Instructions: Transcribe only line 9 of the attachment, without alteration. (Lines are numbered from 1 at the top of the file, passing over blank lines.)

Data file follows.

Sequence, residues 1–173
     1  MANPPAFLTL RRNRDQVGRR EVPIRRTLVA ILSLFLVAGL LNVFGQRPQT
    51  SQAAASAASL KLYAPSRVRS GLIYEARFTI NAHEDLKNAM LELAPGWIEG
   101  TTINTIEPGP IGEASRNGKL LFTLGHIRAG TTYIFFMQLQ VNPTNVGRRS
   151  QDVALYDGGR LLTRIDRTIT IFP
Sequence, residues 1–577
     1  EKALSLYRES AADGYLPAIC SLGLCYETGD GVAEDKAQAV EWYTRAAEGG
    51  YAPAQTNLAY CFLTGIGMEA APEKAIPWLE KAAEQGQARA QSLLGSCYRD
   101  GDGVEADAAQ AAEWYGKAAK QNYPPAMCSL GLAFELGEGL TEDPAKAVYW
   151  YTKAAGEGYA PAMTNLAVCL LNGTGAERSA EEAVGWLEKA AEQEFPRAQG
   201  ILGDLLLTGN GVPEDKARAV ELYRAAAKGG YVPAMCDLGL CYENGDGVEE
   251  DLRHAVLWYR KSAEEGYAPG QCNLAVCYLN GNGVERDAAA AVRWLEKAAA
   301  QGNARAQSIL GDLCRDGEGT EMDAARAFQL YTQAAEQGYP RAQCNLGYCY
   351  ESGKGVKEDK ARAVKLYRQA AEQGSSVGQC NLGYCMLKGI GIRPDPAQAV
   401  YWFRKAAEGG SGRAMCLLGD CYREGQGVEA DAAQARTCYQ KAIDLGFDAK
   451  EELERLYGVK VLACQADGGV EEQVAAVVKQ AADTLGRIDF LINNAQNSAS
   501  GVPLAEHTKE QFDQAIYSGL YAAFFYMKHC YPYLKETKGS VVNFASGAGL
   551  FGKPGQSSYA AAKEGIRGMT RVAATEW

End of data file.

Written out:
   101  GDGVEADAAQ AAEWYGKAAK QNYPPAMCSL GLAFELGEGL TEDPAKAVYW